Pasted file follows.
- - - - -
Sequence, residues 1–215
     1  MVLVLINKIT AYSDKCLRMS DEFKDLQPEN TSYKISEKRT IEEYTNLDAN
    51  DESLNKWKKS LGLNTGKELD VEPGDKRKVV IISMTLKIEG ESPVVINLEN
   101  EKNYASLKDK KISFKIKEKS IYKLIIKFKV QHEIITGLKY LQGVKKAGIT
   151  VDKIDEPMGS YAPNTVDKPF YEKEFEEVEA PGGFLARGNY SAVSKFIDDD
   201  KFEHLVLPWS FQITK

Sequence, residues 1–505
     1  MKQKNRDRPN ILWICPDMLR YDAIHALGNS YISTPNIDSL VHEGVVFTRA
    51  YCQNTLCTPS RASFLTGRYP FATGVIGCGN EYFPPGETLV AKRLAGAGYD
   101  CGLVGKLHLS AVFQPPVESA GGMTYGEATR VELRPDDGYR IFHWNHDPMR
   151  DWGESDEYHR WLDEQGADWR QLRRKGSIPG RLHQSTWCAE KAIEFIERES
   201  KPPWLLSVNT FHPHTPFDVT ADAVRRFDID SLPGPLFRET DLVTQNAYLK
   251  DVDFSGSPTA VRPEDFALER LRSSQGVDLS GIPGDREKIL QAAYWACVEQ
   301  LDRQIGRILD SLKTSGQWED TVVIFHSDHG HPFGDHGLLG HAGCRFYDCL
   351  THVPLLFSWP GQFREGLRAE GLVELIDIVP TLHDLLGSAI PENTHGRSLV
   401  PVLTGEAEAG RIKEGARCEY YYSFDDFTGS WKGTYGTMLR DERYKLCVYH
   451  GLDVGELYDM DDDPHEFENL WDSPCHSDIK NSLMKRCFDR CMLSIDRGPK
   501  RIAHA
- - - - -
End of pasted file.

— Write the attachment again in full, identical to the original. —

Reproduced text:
Sequence, residues 1–215
     1  MVLVLINKIT AYSDKCLRMS DEFKDLQPEN TSYKISEKRT IEEYTNLDAN
    51  DESLNKWKKS LGLNTGKELD VEPGDKRKVV IISMTLKIEG ESPVVINLEN
   101  EKNYASLKDK KISFKIKEKS IYKLIIKFKV QHEIITGLKY LQGVKKAGIT
   151  VDKIDEPMGS YAPNTVDKPF YEKEFEEVEA PGGFLARGNY SAVSKFIDDD
   201  KFEHLVLPWS FQITK

Sequence, residues 1–505
     1  MKQKNRDRPN ILWICPDMLR YDAIHALGNS YISTPNIDSL VHEGVVFTRA
    51  YCQNTLCTPS RASFLTGRYP FATGVIGCGN EYFPPGETLV AKRLAGAGYD
   101  CGLVGKLHLS AVFQPPVESA GGMTYGEATR VELRPDDGYR IFHWNHDPMR
   151  DWGESDEYHR WLDEQGADWR QLRRKGSIPG RLHQSTWCAE KAIEFIERES
   201  KPPWLLSVNT FHPHTPFDVT ADAVRRFDID SLPGPLFRET DLVTQNAYLK
   251  DVDFSGSPTA VRPEDFALER LRSSQGVDLS GIPGDREKIL QAAYWACVEQ
   301  LDRQIGRILD SLKTSGQWED TVVIFHSDHG HPFGDHGLLG HAGCRFYDCL
   351  THVPLLFSWP GQFREGLRAE GLVELIDIVP TLHDLLGSAI PENTHGRSLV
   401  PVLTGEAEAG RIKEGARCEY YYSFDDFTGS WKGTYGTMLR DERYKLCVYH
   451  GLDVGELYDM DDDPHEFENL WDSPCHSDIK NSLMKRCFDR CMLSIDRGPK
   501  RIAHA